By Sarah Jacoby and Antonio Terrone (eds)
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The Diamond Sutra, composed in India within the fourth century CE, is among the such a lot precious works of Buddhist literature and is the oldest latest published ebook on this planet. it's referred to as the Diamond Sutra simply because its teachings are stated to be like diamonds that reduce away all dualistic idea, freeing one from the attachment to things and bringing one to the additional shore of enlightenment.
Long ago eu students have tended to regard either Madhyamaka and Yog? c? ra as separate and essentially antagonistic developments in Mah? y? na Buddhist notion. Drawing seriously on early textual proof this paintings questions the validity of this sort of "Mah? y? na faculties" speculation. through down-playing the overdue commentorial traditions, the writer makes an attempt a basic reappraisal of the epistemological and ontological writings of Nagarjuna, Asanga and Vasubandhu.
Additional info for Buddhism Beyond the Monastery: Tantric Practices and their Performers in Tibet and the Himalayas: PIATS 2003: Tibetan Studies: Proceedings of the Tenth Seminar of the International Association for Tibetan Studies, Oxford, 2003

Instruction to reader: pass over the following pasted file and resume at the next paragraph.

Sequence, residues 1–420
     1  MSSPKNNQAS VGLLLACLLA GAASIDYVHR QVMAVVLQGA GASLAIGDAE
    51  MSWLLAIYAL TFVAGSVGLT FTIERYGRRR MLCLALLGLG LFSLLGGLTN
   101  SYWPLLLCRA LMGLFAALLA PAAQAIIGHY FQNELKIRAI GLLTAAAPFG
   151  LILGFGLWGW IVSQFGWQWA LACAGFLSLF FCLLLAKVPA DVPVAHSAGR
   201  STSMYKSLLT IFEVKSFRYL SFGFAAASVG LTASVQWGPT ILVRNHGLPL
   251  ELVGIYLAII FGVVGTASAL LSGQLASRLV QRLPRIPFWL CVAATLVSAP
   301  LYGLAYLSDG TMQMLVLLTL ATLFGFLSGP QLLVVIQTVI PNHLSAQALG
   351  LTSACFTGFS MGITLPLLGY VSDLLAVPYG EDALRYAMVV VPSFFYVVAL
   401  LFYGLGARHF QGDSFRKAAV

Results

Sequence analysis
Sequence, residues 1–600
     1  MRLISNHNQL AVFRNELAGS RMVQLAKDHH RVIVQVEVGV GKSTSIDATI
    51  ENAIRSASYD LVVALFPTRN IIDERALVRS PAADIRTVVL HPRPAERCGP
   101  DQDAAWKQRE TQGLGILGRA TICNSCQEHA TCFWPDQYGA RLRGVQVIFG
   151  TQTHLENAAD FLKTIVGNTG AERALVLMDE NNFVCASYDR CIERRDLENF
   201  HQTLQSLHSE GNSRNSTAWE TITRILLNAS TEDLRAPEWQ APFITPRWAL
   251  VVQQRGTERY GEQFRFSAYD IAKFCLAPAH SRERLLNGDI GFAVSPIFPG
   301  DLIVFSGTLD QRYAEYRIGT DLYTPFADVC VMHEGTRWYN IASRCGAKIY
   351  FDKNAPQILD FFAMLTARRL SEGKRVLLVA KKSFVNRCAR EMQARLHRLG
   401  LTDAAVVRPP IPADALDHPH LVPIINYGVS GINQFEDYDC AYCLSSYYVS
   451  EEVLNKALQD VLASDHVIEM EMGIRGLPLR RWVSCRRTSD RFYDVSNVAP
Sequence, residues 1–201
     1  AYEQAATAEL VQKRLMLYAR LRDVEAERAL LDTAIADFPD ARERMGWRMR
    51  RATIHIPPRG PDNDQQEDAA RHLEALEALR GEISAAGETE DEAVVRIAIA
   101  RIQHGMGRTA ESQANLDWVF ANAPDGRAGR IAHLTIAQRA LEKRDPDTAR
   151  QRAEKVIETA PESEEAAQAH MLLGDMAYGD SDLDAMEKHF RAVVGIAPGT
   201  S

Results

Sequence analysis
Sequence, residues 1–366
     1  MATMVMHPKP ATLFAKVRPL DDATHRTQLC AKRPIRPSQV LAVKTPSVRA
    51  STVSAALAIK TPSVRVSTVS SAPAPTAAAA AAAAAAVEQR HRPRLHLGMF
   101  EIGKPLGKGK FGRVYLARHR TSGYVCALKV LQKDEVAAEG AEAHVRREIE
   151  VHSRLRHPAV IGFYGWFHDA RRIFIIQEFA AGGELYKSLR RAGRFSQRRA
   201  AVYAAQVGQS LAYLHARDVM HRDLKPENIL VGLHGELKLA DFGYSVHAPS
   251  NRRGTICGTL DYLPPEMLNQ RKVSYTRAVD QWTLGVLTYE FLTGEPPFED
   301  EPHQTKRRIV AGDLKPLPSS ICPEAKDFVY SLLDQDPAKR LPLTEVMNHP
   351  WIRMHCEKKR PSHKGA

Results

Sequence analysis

Gyatso, Janet. 1986. The Development of the gCod Tradition. In Silver on Lapis. Bloomington: Tibet Society, 320–41. Haarh, Eric. 1969. The Yarlung Dynasty. D. Dissertation. University of Copenhagen. Harding, Sarah. 2003. Machik’s Complete Explanation: Clarifying the Meaning of Chöd. Ithaca: Snow Lion. Hubbard, Jamie. 2001. Absolute Delusion, Perfect Buddhahood: the Rise and Fall of a Chinese Heresy. Honolulu: University of Hawai’i Press. Kshemendra, Bodhisattvavadanakalpalata (Tib. Rtogs brjod dpag bsam ’khri shing), translated as La liane magique.
However, monasteries and religious encampments centred on Treasure revealers were not separate religious spheres, but rather overlapping ones. 8 The proximity and differing codes of conduct of these two forms of religious community inform the tensions regarding 7 Se ra mkha’ ’gro’s autobiography, which she completed in approximately 1934, is titled Dbus mo bde ba’i rdo rje’i rnam par thar pa nges ’byung ’dren pa’i shing rta skal ldan dad pa’i mchod sdong (The Biography of the Central Tibetan Woman bde ba’i rdo rje: A Reliquary for Fortunate and Faithful Ones [Serving as] a Chariot Leading to Renunciation), henceforth abbreviated as DDNT.
Both Se ra mkha’ ’gro and Dri med ’od zer (in Se ra mkha’ ’gro’s rendition of his life) yearned to become celibate monastics at various times, but both of them were rebuffed by the zealous ākinīs who insisted they stay true to the more complicated path of being non-celibate Treasure revealers. ākinīs thus provided the divine backing that allowed Se ra mkha’ ’gro to represent herself as morally upright and non-celibate at the same time as they insisted that Dri med ’od zer’s role in the Mgo log religious landscape was to be a non-celibate Treasure revealer.
Buddhism Beyond the Monastery: Tantric Practices and their Performers in Tibet and the Himalayas: PIATS 2003: Tibetan Studies: Proceedings of the Tenth Seminar of the International Association for Tibetan Studies, Oxford, 2003 by Sarah Jacoby and Antonio Terrone (eds)